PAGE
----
While rejecting the "exclusivity and self-indulgence" of much art for art's sake, Ableman nonetheless says he farms like an artist. "The way the farm is laid out, it's as if the land itself was kind of my empty canvas. I made decisions not solely on the basis of production levels but on how the various elements fit together visually." The image of Fairview Gardens that begins the next section, "Stepping Stones to Renewal," shows a few rows of celery leading toward a wooden home; between the rows are peach trees in bloom surrounded by greenery, which the label identifies as "beneficial weeds." The visual variety of peach trees, weeds, and celery is in marked contrast to the monocultural sameness of the "Predictions of Fire" images. And, inferring that the house is the residence of farmers who eat what they grow, we see growing food and eating it as closely connected--the opposite of the way our industrial agriculture separates production and consumption.
"Stepping Stones to Renewal" also includes some striking images of urban farming in New York and Philadelphia. Garden of Eatin', South Philadelphia, Pennsylvania shows a number of backyard plots behind some tenements with a variety of things growing in them: this humanized and humanizing jumble contrasts starkly with the cold, calculated steel-and-glass skyscrapers in the background. This picture in turn differs powerfully from a strong one in the fourth and final section, "Of Marketplaces and Cookpots." Early Morning, Piazza Centrale, Siena, Italy also shows urban architecture in the background, but here boxes of fruit for sale in the foreground seem to reinforce rather than contrast with the lovingly detailed, centuries-old facades of this famous public square.
Unlike most modernist and postmodernist photography--and art--Ableman's images don't address the artist's or viewer's inner visions or rhythms or create paradoxes designed merely to raise intellectual questions. Ableman wants to connect his images with the physical stuff of the world, and he has some definite opinions on how we humans should make use of the planet. To see his show is to think about, and perhaps act on, issues outside of photography. "I don't pretend that my exhibit will change the world," Ableman says. But he'd be happy if it inspired people to "do something in small and subtle ways --to shop at a farmers' market, or plant a window box."
Stephen Szoradi's small show at Graham, Anderson, Probst & White--11 black-and-white photographs, two sculptures, and some of his notebooks--might seem the height of political incorrectness to those in agreement with Ableman's views: Szoradi documents, even glorifies the construction of a steel mill (owned by Steel Dynamics, Inc.) in Butler, Indiana. Smaller than the old mills, it does at least recycle scrap--but it's no bean farm. In fact it was built on the site of a former farm, and the first two photos show the farm and the apparently happy-to-sell farmer. (Szoradi--who took more than 400 images documenting the mill's construction from start to finish--calls this show only "a taste.")
Szoradi's project may not be correct to some people, but his wonderful photographs are apt reminders that art that avoids the self-entrapment of high modernism can reestablish a link between images and objects, use imagery to tell a story, and still give aesthetic pleasure. I loved the tactile quality of Szoradi's prints--his surfaces come in every shade of gray and every degree of solidity. These effects are in large part planned; a four-by-five view camera's large negatives result in razor-sharp prints, and Szoradi uses only available light, coordinating the exposure and development times of the negative to achieve the desired look. These untitled images of concrete and metal have the feel of concrete and metal. In one we're looking into a windowless room--part of the mill's support foundation some 40 feet underground, Szoradi told me. Temporary wooden railings and concrete beams cross the floor, leading the eye inward toward a huge concrete post in the center of the room, which stops the eye with its multitextured concrete surface.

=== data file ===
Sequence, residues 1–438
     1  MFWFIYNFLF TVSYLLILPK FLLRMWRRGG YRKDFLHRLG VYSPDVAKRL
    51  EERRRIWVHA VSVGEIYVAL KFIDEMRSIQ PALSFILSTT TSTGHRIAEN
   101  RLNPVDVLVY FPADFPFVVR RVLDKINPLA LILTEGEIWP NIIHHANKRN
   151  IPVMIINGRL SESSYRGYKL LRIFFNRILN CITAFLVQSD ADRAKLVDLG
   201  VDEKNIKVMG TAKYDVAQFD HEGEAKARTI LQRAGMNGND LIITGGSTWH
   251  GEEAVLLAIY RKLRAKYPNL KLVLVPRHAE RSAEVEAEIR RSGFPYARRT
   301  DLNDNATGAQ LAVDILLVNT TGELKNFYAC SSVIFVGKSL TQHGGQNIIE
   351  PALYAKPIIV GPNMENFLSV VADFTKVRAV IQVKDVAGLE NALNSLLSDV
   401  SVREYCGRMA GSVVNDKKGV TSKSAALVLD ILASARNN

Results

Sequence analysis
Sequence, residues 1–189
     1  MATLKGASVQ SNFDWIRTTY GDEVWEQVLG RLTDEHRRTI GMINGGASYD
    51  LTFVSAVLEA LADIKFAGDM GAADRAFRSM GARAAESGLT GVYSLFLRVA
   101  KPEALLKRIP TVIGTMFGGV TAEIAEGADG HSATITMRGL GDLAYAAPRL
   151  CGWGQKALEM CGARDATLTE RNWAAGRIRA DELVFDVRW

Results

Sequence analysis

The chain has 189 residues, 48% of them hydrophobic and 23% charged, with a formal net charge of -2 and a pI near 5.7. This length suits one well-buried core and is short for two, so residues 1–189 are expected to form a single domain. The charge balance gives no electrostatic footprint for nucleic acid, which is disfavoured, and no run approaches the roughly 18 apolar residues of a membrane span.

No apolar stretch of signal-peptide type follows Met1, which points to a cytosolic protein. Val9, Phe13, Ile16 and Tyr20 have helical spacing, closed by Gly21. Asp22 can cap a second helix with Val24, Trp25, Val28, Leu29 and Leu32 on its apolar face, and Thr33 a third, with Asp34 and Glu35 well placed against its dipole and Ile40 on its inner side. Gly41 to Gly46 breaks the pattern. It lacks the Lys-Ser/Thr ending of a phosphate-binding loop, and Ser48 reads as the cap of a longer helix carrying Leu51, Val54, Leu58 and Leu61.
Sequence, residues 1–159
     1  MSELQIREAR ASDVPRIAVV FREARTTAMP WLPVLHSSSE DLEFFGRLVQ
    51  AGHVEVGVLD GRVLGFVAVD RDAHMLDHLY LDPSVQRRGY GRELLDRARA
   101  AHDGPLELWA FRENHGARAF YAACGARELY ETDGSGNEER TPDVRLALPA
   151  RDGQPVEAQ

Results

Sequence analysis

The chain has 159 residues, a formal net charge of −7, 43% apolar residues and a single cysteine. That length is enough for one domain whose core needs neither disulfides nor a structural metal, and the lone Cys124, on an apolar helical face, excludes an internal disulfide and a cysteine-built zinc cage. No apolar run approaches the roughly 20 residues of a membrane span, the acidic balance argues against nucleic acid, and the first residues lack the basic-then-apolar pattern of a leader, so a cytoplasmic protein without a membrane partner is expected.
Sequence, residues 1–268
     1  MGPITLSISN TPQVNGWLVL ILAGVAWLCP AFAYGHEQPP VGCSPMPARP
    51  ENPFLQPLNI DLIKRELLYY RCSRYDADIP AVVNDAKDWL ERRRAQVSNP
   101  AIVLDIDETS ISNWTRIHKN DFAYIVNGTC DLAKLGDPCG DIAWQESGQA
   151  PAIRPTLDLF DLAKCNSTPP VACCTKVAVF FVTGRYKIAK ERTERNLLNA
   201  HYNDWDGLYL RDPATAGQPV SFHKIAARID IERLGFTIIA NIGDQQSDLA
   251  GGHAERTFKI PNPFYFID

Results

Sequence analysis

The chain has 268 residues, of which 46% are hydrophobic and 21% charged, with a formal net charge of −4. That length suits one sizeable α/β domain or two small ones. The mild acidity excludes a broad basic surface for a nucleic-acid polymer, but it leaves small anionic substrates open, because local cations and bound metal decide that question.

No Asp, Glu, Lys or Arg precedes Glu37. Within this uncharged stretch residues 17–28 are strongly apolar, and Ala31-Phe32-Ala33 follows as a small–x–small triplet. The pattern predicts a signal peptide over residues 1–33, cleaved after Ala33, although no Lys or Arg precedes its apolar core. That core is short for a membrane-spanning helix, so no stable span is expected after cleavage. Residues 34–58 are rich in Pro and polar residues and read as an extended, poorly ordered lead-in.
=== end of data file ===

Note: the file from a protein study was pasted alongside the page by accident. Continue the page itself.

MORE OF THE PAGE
Szoradi, 27, moved to Chicago from Washington, D.C., several years ago, attracted in part by the fact that it's still a city where things are made. He loves Chicago's industrial supply shops, recalling an early visit to "a place called Amazon Hose--all they sell is hose, fire hose, oxygen hose. Most of these places are geared toward heavy industry--what an artist might need 5 feet of, they sell in 500-foot lengths." He contrasts Chicago with his native city, where "nothing's made. You just have the final product. You don't see what went into making it. You buy produce, but you don't see where it came from."
Several photos show construction crews at the mill. A shot of the men who poured the foundations is especially complex formally: light streams in from above, striking their hard hats, while lower areas are in shadow. The men stare into the camera unflinchingly, neither friendly nor hostile, revealing little. Szoradi's composition connects their burly bodies with the structure they're building: each stands in a different pose, connected to the part he might be working on. Adding to the image's vitality are the frames going up to hold poured concrete and ladders, suggesting that the structure is rising. Another photograph is actually two shots of adjacent portions of a rounded chamber, mounted as a diptych. Szoradi's approach suggests that the space is too large for a single photo, and in fact the photograph shows the huge furnace that melts the metal, giant bricks still being laid in its walls.
Szoradi dates his present direction to an undergraduate project at Bennington that included photographs of laborers retired from a local quarry. Now he sees his work as part of a long-term, open-ended, multipart project to "photograph the root industries that physically built the country." If it's no surprise to find a California artist interested in organic farming, Szoradi's work seems characteristic of Chicago. We may have our share of organic gardens--and I hope we'll have more--and California may have its heavy industry, but Szoradi's ongoing project is a welcome addition to the art of the rust belt, uniting our industrial past and present with the hard-headed physicality and in-your-face bluntness of much Chicago art.
Art accompanying story in printed newspaper (not available in this archive): Photograph of "Mustard Harvest, Chincheros, Peru" by Michael Ableman; Photograph by Stephen Szoradi (no title).